Property Valuations for Probate – What do you need to know?

When someone passes away, the executor of their Will must value the deceased’s assets. The executor has a duty to collect in the assets, report their value to HM Revenue & Customs and transfer the assets in accordance with the deceased’s wishes.

 The vital first six months

In the early stages of the administration of the estate, it is necessary to ensure that the value of the estate is reported correctly for inheritance tax (IHT) purposes. If there is any IHT to pay, it must be paid within six months of the end of the calendar month of death. Depending on the size of the estate, the estate’s representatives can complete either the longer inheritance tax form IHT400 which is sent direct to HM Revenue & Customs, or the shorter IHT205 form which is sent to the Probate Registry. 

What is the value of the estate?

When valuing the estate for IHT purposes, the estate’s representatives need to include the value of any property, or shares in property owned by the deceased. It is also important to know the value at the date of death so that the estate’s representatives can correctly report the value to HM Revenue & Customs and determine whether any Capital Gains Tax (CGT) will be due if the property is later sold. The probate valuation for the property generally forms the base cost of the property for CGT purposes.When it comes to valuing property for IHT purposes, the value that must be established is referred to as the ‘open market value’ which is the value that the property would reasonably be expected to achieve if sold on the open market at the date of death (Section 160 of the Inheritance Tax Act 1984).For smaller, less complex estates, it is possible for the estate’s representatives to obtain an informal, market appraisal from estate agents. Most estate agents will carry out these market appraisals for free and others may charge a low fee then deduct this fee if instructed to sell the property at a later date. By obtaining several valuations, the estate’s representatives can use the average of those valuations for the purpose of IHT reporting. If the property is jointly owned, then the share owned by the person who died is reported and in some cases, a discount can be applied to the value of the deceased’s share in the property to reflect the fact that it is difficult to sell a share in a property.

For more complex estates

For larger, more complex estates, it is recommended that the estate’s representatives obtain a formal professional valuation using a qualified property surveyor. This formal open market valuation is provided on the basis of guidance issued by the Royal Institute of Chartered Surveyors (RICS) and is referred to as a ‘Red Book’ Valuation. There will be a charge for this formal valuation but the report will be comprehensive and will include comparable evidence and photographs. If the property is not a residential property (for example a farm, business property or land with development potential), the Red Book valuation will provide the information required by the estate’s representatives to ensure that the valuation is as accurate as possible.A formal written valuation report undertaken by a qualified property surveyor often assists with any queries raised by HM Revenue & Customs and if HM Revenue & Customs instruct their own Valuer to value the land (called the District Valuer) then the qualified property surveyor who undertook the valuation can liaise and negotiate with the District Valuer.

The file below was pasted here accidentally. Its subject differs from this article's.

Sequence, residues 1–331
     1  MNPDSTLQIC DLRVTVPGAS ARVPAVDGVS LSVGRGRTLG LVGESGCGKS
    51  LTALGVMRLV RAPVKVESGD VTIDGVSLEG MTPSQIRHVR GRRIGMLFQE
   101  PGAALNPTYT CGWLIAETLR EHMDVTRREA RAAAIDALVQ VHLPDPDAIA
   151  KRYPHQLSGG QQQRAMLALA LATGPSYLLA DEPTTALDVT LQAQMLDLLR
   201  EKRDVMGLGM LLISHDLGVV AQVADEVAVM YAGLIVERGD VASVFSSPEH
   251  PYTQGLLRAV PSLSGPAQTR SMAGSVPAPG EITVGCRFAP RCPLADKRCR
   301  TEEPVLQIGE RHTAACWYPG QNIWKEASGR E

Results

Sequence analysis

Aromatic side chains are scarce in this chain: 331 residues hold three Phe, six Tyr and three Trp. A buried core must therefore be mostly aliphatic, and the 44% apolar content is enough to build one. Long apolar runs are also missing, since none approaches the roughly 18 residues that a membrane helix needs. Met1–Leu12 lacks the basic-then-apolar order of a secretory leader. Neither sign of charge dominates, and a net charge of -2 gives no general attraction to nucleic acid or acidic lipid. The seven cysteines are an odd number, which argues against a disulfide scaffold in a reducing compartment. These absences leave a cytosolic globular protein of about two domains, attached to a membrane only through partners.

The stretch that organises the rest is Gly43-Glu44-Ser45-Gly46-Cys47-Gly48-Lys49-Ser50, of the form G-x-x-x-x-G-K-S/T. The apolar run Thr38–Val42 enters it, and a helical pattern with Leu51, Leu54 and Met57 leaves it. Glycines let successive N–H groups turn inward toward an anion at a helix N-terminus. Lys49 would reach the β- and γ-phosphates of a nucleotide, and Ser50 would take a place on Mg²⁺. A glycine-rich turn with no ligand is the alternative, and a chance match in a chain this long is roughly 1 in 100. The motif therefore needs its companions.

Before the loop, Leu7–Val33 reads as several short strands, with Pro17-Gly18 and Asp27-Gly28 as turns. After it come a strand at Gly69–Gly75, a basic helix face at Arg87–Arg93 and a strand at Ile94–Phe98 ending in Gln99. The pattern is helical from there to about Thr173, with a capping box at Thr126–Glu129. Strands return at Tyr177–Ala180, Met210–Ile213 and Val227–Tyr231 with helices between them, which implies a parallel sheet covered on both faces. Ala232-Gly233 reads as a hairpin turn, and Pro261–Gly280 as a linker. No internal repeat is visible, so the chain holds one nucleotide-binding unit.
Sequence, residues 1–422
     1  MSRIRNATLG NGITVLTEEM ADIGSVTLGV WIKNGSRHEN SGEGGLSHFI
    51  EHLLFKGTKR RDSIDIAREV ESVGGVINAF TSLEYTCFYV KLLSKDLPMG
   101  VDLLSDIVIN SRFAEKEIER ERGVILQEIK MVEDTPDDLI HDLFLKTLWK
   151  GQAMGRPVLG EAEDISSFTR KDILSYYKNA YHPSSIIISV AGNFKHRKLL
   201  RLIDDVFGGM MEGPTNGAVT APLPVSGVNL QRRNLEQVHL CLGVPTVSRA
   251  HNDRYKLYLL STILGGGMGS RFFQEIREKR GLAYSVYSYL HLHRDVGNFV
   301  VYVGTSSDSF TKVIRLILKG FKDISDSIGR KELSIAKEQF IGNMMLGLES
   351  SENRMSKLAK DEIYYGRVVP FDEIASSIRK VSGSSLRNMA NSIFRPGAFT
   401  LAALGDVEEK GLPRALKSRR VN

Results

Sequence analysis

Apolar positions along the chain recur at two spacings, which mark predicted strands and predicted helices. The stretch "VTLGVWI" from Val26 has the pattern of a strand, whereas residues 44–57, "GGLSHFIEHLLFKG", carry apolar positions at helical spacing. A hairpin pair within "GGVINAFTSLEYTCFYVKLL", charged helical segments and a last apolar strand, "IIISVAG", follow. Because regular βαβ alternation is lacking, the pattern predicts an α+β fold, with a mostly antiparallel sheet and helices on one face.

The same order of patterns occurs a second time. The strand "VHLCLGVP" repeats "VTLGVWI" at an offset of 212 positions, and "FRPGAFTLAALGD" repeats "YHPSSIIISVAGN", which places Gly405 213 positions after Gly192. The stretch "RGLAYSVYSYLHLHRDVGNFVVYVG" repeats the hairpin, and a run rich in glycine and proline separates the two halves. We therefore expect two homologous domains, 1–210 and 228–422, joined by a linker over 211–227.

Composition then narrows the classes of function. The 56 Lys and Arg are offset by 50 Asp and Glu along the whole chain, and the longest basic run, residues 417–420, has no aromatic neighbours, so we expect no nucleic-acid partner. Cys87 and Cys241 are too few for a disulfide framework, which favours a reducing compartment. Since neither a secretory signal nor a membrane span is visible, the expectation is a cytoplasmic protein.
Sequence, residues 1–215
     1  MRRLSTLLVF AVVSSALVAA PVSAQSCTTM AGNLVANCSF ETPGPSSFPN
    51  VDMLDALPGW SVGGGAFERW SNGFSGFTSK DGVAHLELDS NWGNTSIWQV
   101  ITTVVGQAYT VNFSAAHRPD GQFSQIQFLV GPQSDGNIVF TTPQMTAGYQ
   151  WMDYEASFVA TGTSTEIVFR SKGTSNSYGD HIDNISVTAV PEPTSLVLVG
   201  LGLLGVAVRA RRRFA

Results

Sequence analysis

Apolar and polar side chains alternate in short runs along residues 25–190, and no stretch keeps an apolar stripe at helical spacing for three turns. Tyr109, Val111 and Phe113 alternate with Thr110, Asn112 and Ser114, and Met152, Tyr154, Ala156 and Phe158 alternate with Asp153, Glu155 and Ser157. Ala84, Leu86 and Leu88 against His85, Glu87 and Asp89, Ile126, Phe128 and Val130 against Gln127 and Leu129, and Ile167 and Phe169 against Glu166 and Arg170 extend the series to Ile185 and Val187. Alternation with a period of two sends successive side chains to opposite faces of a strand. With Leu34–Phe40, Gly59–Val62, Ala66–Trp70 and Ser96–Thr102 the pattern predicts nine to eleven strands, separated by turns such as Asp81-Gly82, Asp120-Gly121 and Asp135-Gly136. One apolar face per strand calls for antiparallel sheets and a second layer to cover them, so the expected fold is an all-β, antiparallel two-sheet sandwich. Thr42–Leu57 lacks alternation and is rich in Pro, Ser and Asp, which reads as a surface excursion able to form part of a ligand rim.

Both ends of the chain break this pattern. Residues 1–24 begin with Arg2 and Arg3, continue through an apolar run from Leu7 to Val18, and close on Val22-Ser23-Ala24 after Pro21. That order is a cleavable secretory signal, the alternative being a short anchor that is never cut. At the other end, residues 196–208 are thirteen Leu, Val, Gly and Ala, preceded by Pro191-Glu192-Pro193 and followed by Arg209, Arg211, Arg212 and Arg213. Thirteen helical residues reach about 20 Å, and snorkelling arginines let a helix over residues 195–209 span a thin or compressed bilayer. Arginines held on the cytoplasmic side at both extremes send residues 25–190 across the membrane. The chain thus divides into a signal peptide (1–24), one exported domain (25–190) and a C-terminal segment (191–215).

The importance of accuracy

If a property is undervalued for IHT purposes, HM Revenue & Customs can impose penalties, together with an additional tax liability if not valued accurately. The property valuation should be as accurate as possible, as any discrepancies are likely to be investigated.If a professional valuer has been instructed, the estate’s representatives will be protected from any liability to these penalties. HM Revenue & Customs have different levels for these penalties depending on the incorrect error of reporting, for example:

  • If the error is due to lack of reasonable care, the penalty will be between 0% and 30% of the extra tax due;
  • If the error is deliberate, the penalty will be between 20% and 70% of the extra tax due;
  • If the error is deliberate and concealed, the penalty will be between 30% and 100% of the extra tax due.

These penalties can be avoided and/or reduced by the estate’s representatives accurately reporting the values to HM Revenue & Customs and obtaining professional valuations and by informing HM Revenue & Customs to correct the error. 

How can we help?

 Freeths LLP has extensive experience in the administration of estates. Freeths’ dedicated Probate, Trusts & Administration of Estates team will support you in organising, managing and safeguarding you and your family’s interests. We can advise you on Gift Applications and Inheritance Tax Planning, Personal Tax, Probate, Trusts and Wills. You can rely on us to be honest, sensitive and to explain everything clearly.By bringing together lawyers with legal, accountancy and tax backgrounds, we offer a full spectrum of services to organise your finances. From preparing trust assets to implementing the terms of a will, we can assist you every step of the way. Our specialist Private Client Dispute Resolution team can also assist with disputes relating to Wills, Trusts and Probate. Whatever your needs, we have a confident grasp of the processes and issues involved.

Please contact Louise Lewis to discuss any queries you may have.


The content of this page is a summary of the law in force at the date of publication and is not exhaustive, nor does it contain definitive advice. Specialist legal advice should be sought in relation to any queries that may arise.

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